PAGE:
Suppose that $C$ is a non-hyperelliptic genus 3 curve defined over $mathbb{Q}$.

It is well known that non-hyperelliptic genus 3 curves are plane quartics, and these are also trigonal. So we have a morphism $C mapsto mathbb{P}^{1}$ of degree $3$, and the way in which one usually constructs this map is choosing a point $P$ in $C$ and projecting from $P$ to $mathbb{P}^{1} subseteq mathbb{P}^{2}.$

I am now wondering whether one can deduce that the degree 3 map $C mapsto mathbb{P}^{1}$ can always be defined over $mathbb{Q}$. If we have a rational point $P$ on $C$, then I guess you can always find a rational map $C mapsto mathbb{P}^{1}$ defined over $mathbb{Q}$ by the above construction. Moreover, if $C$ admits a model of the form $ax^4+ay^4+ text{lower order terms} =0$ for $a$ some fourth power, then I guess this is doable too.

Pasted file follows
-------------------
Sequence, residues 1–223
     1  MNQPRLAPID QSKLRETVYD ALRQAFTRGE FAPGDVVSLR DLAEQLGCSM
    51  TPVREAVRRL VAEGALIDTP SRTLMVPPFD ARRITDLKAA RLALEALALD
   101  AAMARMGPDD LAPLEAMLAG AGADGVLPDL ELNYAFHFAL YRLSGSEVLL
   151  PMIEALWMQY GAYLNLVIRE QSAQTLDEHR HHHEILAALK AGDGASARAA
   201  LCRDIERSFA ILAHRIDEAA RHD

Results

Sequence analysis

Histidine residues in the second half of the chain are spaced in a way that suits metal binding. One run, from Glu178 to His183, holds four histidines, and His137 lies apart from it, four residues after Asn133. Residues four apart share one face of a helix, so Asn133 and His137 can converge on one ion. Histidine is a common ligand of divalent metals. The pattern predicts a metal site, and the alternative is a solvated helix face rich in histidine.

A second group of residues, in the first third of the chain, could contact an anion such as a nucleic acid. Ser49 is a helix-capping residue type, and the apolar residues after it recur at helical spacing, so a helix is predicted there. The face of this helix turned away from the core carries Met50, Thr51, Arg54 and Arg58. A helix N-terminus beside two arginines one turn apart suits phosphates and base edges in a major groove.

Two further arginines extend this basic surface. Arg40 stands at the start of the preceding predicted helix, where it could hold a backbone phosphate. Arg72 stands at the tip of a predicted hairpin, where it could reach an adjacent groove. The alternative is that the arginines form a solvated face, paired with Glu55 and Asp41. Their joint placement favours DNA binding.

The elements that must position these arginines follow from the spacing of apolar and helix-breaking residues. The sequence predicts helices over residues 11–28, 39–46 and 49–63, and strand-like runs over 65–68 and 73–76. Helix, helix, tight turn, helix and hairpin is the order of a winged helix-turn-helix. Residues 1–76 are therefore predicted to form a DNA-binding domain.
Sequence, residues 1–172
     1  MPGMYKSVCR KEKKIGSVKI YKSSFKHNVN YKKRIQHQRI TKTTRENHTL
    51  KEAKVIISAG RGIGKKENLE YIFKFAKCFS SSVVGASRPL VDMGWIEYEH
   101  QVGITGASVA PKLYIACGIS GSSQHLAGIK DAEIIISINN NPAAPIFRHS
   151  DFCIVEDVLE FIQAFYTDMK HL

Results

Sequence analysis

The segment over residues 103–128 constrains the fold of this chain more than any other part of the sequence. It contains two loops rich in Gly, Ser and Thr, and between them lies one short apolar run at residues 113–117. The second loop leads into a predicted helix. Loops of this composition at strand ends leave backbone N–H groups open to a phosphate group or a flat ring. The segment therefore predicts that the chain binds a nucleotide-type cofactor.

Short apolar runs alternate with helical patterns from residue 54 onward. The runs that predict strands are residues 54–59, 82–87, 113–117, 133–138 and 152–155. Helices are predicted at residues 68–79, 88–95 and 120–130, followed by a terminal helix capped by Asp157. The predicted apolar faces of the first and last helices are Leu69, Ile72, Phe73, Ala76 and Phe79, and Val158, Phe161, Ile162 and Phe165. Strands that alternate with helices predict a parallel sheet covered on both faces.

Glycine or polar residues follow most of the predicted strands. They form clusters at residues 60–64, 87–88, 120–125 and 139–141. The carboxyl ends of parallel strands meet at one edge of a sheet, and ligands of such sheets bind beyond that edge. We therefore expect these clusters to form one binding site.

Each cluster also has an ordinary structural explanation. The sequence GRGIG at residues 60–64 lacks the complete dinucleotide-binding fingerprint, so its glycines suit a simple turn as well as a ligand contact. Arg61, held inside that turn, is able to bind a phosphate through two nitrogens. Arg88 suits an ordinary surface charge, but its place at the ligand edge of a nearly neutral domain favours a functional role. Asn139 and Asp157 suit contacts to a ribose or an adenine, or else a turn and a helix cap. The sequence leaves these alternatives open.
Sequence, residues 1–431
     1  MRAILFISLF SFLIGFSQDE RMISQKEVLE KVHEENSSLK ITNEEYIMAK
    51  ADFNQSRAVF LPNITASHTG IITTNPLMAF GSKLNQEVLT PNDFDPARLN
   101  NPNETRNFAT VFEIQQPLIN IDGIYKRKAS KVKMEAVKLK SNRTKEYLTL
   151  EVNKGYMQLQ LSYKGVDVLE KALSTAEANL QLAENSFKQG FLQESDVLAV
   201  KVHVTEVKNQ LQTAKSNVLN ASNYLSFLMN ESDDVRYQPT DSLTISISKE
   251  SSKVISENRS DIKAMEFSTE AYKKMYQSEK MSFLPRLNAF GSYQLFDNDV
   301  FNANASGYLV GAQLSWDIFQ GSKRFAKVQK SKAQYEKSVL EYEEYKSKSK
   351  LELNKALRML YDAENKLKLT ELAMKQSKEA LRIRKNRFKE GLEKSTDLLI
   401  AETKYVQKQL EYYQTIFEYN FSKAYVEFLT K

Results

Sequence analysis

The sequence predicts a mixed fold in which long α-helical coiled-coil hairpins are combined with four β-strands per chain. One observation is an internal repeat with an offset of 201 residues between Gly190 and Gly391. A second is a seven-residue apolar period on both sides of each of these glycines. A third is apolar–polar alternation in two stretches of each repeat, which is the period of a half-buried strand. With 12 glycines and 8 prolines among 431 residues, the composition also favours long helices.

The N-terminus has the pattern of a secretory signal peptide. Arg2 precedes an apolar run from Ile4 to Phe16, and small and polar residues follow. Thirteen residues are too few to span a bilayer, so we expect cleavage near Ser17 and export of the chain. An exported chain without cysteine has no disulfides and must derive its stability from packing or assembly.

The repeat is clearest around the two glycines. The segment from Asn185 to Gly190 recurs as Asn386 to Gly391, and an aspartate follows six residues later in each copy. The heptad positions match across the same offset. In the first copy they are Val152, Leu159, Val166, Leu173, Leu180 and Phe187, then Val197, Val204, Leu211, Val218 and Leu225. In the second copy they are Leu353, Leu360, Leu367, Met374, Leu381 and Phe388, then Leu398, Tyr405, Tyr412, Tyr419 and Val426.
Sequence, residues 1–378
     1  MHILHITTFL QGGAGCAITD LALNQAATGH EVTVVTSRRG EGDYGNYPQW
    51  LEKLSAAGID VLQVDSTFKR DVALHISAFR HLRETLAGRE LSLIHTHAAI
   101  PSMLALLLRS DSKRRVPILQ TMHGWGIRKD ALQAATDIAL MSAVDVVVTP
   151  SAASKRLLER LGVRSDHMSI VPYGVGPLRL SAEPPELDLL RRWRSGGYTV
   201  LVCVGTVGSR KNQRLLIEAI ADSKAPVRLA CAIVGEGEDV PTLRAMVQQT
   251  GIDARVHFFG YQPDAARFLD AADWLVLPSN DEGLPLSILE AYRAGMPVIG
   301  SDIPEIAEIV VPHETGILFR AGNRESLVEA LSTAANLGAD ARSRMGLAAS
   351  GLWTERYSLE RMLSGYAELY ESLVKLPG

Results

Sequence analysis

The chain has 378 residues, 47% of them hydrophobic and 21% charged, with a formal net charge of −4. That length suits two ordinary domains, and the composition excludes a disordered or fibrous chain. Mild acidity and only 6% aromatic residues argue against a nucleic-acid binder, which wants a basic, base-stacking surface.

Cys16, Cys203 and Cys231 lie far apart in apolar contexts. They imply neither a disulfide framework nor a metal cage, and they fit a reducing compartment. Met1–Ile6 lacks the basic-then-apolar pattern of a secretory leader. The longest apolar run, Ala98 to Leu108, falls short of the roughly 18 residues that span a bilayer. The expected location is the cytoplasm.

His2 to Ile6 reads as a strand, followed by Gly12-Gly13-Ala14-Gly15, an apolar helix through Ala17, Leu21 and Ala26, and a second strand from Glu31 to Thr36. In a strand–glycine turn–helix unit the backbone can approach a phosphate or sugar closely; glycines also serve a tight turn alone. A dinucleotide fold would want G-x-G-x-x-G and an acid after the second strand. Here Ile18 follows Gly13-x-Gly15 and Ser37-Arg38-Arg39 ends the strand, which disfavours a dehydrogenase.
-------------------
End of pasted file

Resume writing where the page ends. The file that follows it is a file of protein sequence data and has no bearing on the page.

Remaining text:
I am now wondering whether one can always ensure that there’s a degree $3$ map which is defined over $mathbb{Q}$ if $C$ is defined over $mathbb{Q}$.